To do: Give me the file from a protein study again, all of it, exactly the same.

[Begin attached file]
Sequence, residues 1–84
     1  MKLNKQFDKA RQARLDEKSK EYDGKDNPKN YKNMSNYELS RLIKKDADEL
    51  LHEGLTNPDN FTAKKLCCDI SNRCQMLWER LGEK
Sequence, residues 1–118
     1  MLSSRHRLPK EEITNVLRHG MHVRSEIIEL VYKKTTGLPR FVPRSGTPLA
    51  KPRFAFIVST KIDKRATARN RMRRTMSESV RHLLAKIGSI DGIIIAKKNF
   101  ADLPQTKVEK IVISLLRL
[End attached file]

Sequence, residues 1–84
     1  MKLNKQFDKA RQARLDEKSK EYDGKDNPKN YKNMSNYELS RLIKKDADEL
    51  LHEGLTNPDN FTAKKLCCDI SNRCQMLWER LGEK
Sequence, residues 1–118
     1  MLSSRHRLPK EEITNVLRHG MHVRSEIIEL VYKKTTGLPR FVPRSGTPLA
    51  KPRFAFIVST KIDKRATARN RMRRTMSESV RHLLAKIGSI DGIIIAKKNF
   101  ADLPQTKVEK IVISLLRL